For quick project investigations or when writing blog posts in Markdown, I prefer VS Code. I have installed the following extensions:
- Extension Pack for Java
- Debugger for Java
- Language Support for Java by Red Hat
- Maven for Java
- Intellij IDEA Keybindings
Next, I'm using Postman for tinkering and exploring the API for systems that I'm about to integrate. I've created an account on their site to share my API collections among multiple machines potentially.
Last but not least, I've installed Docker Desktop for Mac. As I'm a sole trader, I don't fall into Docker's new licensing agreement and can continue to use their desktop installation for Mac. However, as one of the main reasons for me to use Docker locally is to run tests with Testcontainers, I'm using Testcontainers Cloud whenever I can. This tool lets me run my Testcontainers integration test locally without the need for a Docker engine, and it speeds things up when I'm on bad WiFi.
Java Developer Utility & Productivity Software
Let's finish this hardware and software guide for Java developers with some utility and productivity software I'm using on a daily basis. Some of them are not directly related to software development. However, they help me stay productive or organize my workday.
First, my primary browser is Firefox. I'm using Firefox also on my mobile devices and syncing my bookmarks to, e.g., read interesting articles on a train ride after having bookmarked them on my laptop. I use Chrome and Safari less frequently and mainly for testing purposes of my blog and applications.
For messaging and coordinating in a remote and asynchronous world, I favor Slack. If I'm not working for a client, I never have Slack open all the time and instead open it every two or three hours to stay focused on my current task.
I'm using the Google Workspace to organize my solo company and use the Gmail web view for managing emails.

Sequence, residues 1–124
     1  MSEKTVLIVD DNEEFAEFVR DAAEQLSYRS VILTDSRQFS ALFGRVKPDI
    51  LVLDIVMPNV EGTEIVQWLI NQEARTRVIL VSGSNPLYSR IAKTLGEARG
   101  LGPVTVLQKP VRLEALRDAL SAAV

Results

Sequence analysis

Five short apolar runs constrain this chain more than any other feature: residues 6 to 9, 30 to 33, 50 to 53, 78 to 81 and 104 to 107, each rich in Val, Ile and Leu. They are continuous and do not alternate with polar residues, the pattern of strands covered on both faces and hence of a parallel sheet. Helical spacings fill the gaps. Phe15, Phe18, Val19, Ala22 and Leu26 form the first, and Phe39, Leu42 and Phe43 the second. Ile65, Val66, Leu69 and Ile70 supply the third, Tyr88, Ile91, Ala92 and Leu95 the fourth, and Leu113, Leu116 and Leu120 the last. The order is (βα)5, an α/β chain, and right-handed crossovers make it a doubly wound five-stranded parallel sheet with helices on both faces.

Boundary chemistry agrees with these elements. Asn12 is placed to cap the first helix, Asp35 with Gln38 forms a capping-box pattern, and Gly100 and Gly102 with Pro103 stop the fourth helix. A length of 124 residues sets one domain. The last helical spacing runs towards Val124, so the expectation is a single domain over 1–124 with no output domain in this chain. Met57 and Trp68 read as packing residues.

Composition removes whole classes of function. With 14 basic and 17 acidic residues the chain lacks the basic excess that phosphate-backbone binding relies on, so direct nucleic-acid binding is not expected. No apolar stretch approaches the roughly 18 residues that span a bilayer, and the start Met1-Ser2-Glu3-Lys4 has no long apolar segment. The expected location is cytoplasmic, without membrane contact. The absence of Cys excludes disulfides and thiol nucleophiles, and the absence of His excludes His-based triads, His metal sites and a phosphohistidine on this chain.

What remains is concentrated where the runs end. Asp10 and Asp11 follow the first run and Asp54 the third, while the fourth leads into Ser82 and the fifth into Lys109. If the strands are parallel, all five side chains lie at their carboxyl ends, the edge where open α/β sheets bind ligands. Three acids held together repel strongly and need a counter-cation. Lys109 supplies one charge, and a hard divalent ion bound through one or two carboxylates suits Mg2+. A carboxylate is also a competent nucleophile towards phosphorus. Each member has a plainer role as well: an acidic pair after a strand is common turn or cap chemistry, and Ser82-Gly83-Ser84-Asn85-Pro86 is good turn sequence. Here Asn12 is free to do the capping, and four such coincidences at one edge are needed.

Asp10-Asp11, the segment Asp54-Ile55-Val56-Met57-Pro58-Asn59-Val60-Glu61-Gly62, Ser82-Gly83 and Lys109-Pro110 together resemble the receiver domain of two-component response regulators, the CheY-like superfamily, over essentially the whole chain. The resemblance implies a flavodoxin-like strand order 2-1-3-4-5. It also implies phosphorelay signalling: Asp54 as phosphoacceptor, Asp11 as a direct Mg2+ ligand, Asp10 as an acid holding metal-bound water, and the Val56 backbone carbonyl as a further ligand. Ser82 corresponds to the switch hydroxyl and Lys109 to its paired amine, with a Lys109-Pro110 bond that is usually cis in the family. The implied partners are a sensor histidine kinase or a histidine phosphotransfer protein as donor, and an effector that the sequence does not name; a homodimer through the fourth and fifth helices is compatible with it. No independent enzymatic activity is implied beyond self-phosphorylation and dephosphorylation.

On top of Google Workspace, I still have an Office365 subscription. The main reason for this subscription is the fact that I can share the office applications with up to five people and get 1 TB of OneDrive cloud storage. I use OneDrive for most of my personal files.
To quickly adjust and split any application window, I use Rectangle. This simple application allows adjusting the sizing of windows and quickly placing two next together, for example.
Another small and super helpful macOS tool is Maccy. This clipboard manager on steroids keeps a history of all my clipboards and lets me efficiently use a previous one.
To quickly record my screen or share screenshots, I'm using CloudApp*. Once you finish the recording or take a screenshot, the tool will immediately upload the content, and you get a sharable public URL. This is helpful when working with a support team to share error reports.
For all my personal notes, checklists, and book summaries, I'm using Notion. Notion lets you organize your content with Markdown-based files and offers an intuitive and fast user interface natively, in the browser and on mobile devices.
Spotify is another application that I immediately install when setting up a new machine. Listening to music helps me get into the tunnel and stay focussed. For deep work and when doing creative tasks, I prefer piano music. For all other tasks, I frequently mix the music genre.
All my passwords are stored within the password manager Dashlane*. Dashlane comes with a browser extension for every major browser and also seamlessly integrates with the iOS password manager. The times of noting down my password with pen and paper are over. With the help of a password manager, you can max out the security requirements for all passwords as you don't have to remember them.
For organizing my workday and task planning, I use Kanbanflow. I plan all my days ahead and split the tasks into 25-minutes pomodori (Pomodoro Technique) chunks. The tool runs as a web application in the browser and comes with a Pomodoro timer that I use to know when it's time to work and when it's time for a break.